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Why climate tech is poised to survive a recession

June 28, 2022, 12:36 PM UTC

Nothing about breathing underwater is natural.

It’s why before you go under you must strap a 30-pound cylinder to your back, cover half the surface area of your face with plastic, and stuff a breathing device in your mouth, before sloppily backrolling off the side of a boat into the ocean. 

I would argue that scuba divers—with their pressure valves, regulator tubes, and dive computers—are the most bizarre-looking living things in the ocean at any given moment. 

But while the gear itself might be wonky, it’s nothing short of incredible that you can follow a fish, study anemone, hunt for lobsters, or inspect a submerged Volkswagen many meters below the surface. It’s extraordinary—and humbling—to be part of an entirely different underwater system that functions under a different density. 

It also puts into perspective how fragile the entire ecosystem is. The oceans are the recipients of about one-fourth of carbon dioxide emissions. The United States Environmental Protection Agency estimates that acidity has increased by about 30% since the Industrial Revolution (To put that in perspective, that’s more than 10 times the increase from millions of years prior).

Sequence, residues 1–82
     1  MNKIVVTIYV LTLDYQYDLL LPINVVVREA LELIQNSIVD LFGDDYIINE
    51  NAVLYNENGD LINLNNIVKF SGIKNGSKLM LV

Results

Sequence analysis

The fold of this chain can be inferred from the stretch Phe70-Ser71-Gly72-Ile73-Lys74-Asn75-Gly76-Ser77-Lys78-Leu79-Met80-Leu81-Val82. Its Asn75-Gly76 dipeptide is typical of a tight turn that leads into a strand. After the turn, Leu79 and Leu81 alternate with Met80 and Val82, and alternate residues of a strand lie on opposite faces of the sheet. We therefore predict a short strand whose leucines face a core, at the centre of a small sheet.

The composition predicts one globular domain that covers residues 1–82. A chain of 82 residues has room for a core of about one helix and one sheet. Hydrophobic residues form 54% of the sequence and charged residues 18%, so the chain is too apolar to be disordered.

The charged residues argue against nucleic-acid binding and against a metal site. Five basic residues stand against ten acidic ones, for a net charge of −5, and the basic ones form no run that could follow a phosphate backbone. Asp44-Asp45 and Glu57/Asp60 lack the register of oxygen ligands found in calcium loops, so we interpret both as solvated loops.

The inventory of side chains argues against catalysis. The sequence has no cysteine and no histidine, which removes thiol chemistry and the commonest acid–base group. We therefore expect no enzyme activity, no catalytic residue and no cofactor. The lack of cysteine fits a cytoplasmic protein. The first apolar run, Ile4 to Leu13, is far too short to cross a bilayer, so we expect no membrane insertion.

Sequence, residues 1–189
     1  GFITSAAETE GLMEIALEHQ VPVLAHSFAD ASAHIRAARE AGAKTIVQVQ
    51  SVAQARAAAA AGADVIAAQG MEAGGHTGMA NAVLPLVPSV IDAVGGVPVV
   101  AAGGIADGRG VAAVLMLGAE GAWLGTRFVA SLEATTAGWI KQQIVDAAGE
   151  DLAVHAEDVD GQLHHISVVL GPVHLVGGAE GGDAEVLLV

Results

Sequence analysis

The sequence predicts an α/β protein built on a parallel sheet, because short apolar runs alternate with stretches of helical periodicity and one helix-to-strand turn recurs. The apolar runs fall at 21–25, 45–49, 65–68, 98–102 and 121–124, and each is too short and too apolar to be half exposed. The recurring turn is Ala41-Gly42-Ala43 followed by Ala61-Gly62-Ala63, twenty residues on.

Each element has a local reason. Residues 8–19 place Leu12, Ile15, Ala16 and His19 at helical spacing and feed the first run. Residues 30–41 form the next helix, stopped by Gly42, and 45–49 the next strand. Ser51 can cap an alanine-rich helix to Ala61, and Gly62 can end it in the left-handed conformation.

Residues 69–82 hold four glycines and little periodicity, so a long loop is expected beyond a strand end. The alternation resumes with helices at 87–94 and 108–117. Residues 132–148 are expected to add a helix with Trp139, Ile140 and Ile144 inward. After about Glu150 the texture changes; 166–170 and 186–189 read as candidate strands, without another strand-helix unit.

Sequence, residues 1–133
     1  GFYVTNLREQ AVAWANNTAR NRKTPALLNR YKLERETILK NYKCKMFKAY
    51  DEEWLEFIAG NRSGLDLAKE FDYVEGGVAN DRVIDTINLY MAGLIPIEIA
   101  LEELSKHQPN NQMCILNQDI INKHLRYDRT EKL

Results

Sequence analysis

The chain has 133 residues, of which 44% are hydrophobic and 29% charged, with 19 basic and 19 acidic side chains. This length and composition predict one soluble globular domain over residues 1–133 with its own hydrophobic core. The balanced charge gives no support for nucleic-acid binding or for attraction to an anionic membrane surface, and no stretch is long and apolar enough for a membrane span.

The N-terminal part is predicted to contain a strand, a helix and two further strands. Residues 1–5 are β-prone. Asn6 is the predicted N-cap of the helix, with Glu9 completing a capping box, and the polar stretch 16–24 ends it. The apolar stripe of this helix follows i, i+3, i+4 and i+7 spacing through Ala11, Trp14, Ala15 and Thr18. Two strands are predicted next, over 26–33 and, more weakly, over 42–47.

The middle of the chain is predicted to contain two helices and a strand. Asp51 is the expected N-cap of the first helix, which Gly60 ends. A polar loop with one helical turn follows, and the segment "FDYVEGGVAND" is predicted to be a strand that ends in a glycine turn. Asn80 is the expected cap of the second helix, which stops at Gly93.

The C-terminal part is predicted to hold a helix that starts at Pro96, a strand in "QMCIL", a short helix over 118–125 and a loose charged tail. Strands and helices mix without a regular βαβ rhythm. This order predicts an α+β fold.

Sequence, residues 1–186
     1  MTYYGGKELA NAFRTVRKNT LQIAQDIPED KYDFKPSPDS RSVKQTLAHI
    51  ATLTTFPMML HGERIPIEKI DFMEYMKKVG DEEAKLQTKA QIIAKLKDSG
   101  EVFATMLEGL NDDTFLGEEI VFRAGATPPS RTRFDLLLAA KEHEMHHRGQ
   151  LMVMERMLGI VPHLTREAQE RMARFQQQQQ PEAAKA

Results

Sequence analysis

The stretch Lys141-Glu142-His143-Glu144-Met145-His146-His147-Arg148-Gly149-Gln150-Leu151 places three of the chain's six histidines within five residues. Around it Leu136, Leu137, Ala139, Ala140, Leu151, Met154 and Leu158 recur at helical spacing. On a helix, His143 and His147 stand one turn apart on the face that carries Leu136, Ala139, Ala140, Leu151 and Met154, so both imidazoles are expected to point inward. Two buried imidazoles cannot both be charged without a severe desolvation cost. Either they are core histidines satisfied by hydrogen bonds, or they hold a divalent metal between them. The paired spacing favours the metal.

More than half of the coral reefs in the world have already disappeared, and scientists estimate that some 70-90% of them will disappear in the next two decades alone. A more recent study pegs that figure at 99% by the 2030s if we are unable to prevent another 1.5 degrees Celsius of warming. 

Last week, I got my scuba diving certification in Isla Mujeres, an island about a 15-minute ferry ride off the coast of Cancún, Mexico, where I am working remotely the next few days. To be frank, it’s likely that nearly all of what I’ve been musing at underwater will simply no longer exist in just a couple dozen years. You can already see the effects of pollution in the water and on the beaches in the surrounding area. In the last few years, an unprecedented invasion of Sargassum, an algae that, in abundance, can devastate coastal ecosystems, economies, and human health, is threatening sea life in the area and reducing visibility in the Caribbean. The overabundance of the algae is considered to be linked to pollution and climate change—and is a smelly and quite visible showcase of the changes that are transforming the face of the Earth rather quickly.